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Not objects of scientific inquiry, but people-The Aboriginals

Unless we are botanists or exploring the evolution debates around Aboriginals, the last time any of us thought about Australia was when we could still hear “You’ve got mail,” issue from our desktops and watch Crocodile Dundee on VHS. It’s been over ten years since the World Olympics were held in Sydney. But now we have a reason to rediscover an island that is far more than a desert of beer-chugging “yobbos” who say “mate” and “cobber” and “fair dinkum.”  The Land Down Under—rich with grandeur, culture, and austere beauty—but there is so much more behind all of it.

Who were the first Australians? Where did they come from? When and how did they arrive? What is their place in the global story of human evolution? For scientists, the origins of the Aboriginals have been burning questions for over 200 years.

Author Camilla Chance’s staggers through the baking outback to bring us “Wisdom Man,” the story of an Aboriginal elder who makes Crocodile Dundee look like Mickey Mouse. She puts aside the debates about what they might suggest for evolutionary debate, and approaches the Aboriginal people as if they are just that: people. And all this right around the time Australia’s Prime Minister Kevin Rudd’s apology to the Aboriginals for years of abuse and oversight. “Wisdom Man” tells the tale of Banjo Clarke, a man of great strength and heart who survived an era of racism, murder, and oppression only comparable to the American slave trade.

Imagine a city girl educated in London, Switzerland and Italy squatting around the same campfire as an Aborigine. It’s an odd pairing, but that’s exactly what “Wisdom Man” gives us…and brilliantly. Camilla was raised as an aristocrat in England and presented to the Queen and Prince Philip. Banjo was an Aboriginal in Australia and became a great leader. Yet these polar opposites became best friends around the same conviction: love always wins. The frankness and detail of the text draws us in campfire-style, and the unhurried pace is captivating.  It turns out there’s more dangerous things Down Under than snakes, crocodiles, box jellyfish and toxic caterpillars:  people who do not love.

When we think about the botany, the almost literal un-evolution of the crocodile (a perfectly engineered remnant from the Age of the Dinosaur), or the people from Down Under, at first we might feel like we’re wrong side up. Australia’s seasons go in the reverse order, its constellations are upside down, the country was launched as a one big prison house surrounded by austere outback. But it is perhaps we who are upside down. Banjo Clarke’s story is anything but backwards. His poignant perspective clears the clutter and sheds light on darkness.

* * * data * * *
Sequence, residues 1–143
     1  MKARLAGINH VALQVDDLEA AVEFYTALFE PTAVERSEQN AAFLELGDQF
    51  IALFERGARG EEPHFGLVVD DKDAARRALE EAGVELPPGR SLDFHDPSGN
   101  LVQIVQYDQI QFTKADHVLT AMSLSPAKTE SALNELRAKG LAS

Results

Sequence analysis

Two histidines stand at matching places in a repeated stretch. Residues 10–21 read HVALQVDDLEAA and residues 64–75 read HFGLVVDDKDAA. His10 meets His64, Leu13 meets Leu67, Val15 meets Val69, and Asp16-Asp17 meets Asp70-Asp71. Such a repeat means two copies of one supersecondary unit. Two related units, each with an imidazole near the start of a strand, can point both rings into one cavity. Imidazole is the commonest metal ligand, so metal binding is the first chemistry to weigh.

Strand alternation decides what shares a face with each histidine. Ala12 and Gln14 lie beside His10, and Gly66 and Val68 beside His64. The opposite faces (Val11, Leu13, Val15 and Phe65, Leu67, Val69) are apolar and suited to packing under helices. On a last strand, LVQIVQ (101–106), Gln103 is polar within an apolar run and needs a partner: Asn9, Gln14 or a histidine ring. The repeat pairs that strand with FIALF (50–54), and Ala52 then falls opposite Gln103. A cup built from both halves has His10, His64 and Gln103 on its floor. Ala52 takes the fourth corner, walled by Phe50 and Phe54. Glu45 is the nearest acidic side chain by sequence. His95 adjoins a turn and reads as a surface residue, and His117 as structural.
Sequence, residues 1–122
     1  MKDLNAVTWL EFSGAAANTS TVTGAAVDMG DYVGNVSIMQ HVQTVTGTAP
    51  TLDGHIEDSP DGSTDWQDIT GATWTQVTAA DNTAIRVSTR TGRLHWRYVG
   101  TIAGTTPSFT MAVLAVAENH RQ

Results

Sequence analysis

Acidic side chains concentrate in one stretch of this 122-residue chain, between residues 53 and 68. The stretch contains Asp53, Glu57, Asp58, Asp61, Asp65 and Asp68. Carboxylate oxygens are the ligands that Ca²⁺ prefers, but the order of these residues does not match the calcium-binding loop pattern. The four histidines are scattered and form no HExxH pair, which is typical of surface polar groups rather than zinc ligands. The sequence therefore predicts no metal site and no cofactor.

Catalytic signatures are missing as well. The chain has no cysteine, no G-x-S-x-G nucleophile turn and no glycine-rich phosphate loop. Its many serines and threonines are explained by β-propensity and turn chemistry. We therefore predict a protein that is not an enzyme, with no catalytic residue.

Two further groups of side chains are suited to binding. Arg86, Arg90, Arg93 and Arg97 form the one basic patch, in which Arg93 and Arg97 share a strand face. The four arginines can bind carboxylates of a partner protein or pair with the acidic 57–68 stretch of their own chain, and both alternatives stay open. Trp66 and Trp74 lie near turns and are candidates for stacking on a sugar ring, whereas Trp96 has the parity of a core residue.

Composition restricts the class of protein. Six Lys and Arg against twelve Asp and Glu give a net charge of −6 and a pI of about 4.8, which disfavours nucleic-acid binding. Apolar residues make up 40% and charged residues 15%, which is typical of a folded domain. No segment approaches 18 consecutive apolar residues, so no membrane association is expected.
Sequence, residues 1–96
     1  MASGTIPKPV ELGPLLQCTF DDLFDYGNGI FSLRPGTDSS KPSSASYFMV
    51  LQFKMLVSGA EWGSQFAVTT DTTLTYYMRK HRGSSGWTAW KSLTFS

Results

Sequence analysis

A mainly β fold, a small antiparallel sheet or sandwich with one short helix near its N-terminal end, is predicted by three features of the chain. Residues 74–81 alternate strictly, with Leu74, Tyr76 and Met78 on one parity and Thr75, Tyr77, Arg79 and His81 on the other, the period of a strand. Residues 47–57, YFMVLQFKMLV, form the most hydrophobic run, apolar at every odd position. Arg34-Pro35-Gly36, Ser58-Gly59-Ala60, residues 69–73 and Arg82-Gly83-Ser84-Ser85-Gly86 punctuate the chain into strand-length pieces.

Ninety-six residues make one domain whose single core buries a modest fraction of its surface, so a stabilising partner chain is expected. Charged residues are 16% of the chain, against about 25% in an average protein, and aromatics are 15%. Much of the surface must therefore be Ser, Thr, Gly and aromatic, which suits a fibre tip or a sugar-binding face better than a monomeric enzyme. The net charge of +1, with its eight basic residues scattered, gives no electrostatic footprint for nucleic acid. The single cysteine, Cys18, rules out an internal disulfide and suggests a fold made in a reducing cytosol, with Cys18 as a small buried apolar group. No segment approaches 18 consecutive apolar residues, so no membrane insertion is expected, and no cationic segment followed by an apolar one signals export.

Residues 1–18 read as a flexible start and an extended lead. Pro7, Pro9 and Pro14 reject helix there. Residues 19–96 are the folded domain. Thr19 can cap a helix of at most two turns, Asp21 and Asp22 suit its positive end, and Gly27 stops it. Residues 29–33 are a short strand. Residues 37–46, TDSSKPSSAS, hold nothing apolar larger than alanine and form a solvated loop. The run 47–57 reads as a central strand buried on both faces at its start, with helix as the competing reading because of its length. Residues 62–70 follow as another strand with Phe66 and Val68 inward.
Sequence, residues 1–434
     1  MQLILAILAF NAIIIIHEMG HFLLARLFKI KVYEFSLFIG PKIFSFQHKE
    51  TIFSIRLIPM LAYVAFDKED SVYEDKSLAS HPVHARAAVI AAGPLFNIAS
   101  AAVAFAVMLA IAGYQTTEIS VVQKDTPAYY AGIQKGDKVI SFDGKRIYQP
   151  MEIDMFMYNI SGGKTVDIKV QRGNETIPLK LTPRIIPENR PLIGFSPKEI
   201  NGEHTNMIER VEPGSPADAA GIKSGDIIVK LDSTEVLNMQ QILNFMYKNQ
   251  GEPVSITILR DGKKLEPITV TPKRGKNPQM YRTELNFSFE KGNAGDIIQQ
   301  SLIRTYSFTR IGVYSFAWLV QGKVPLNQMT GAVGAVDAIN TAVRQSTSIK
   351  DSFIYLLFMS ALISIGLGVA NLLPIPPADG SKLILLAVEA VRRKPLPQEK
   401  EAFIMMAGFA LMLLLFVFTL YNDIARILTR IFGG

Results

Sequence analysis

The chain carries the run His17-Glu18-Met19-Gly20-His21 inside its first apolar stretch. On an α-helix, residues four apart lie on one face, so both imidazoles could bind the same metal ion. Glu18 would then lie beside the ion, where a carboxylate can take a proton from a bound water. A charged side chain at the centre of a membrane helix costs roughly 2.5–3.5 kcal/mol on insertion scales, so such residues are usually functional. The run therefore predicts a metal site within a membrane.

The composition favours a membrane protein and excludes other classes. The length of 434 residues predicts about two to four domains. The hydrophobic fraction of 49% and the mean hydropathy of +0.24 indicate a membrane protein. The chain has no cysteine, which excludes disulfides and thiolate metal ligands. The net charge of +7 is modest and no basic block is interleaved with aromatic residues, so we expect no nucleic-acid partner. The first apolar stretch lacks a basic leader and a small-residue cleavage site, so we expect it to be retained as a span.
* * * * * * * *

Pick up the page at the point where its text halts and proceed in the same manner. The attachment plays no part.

You might hear about how Australia was colonized from what are now Indonesia and Malaysia. You might also hear about how fossils of Homo erectus were found in Java in the 19th century by Eugene Dubois, who proposed they were possible ancestors of the first Australians. You might also hear that research has established this Homo erectus to be in Java 1.74 million years ago. But all of this hypothesizing builds a secular story around a people who are mythic, and who cannot be reduced to scientific inquiry, however fascinating.

When we put aside our questions of evolution and science, to hear what these people say we cannot walk away without a sense of enlargement, hope, enrichment—and yes, wisdom. For example, for them there is no mystery to their origins. They have a rich creative myth. They have always been where they are. Nor is the timing of their origins important. According to some indigenous beliefs, the Aboriginal ancestors were created in the Dreaming Period, when humans and the earth were formed. The Dreaming integrates past, present and future in a way that makes chronology a concept of little significance.

We don’t need to go “down under” to begin learn more about the fascinating tales of a people largely overlooked. We only need to hear the voice of a people who have something truly beautiful to share. And that’s exactly what “Wisdom Man” gives us: a view into the love and thought of the Aboriginal people.

Aboriginal elder, Banjo Clarke-Wisdom Man


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This entry was posted on Saturday, January 14th, 2012 at 11:09 am and is filed under Clients, Friends and Colleagues, Industry News. You can follow any responses to this entry through the RSS 2.0 feed. You can leave a response, or trackback from your own site.

2 Responses to “Not objects of scientific inquiry, but people-The Aboriginals”

  1. R. Chandler Says:

    Camilla and I are sister friends, Sherri. Tx for this reminder of her important biography of a ‘wisdomekeeper’.

  2. Sherri Rosen Says:

    Thank you Robin. Camilla once told me this was her mission “a wisdomkeeper”. When she said that to me I realized that my work has been to giving her a powerful voice with that wisdom. It’s been an honor for me to be working with her over the past, I believe, 12 years. It’s been so long it’s hard to remember when we first began.

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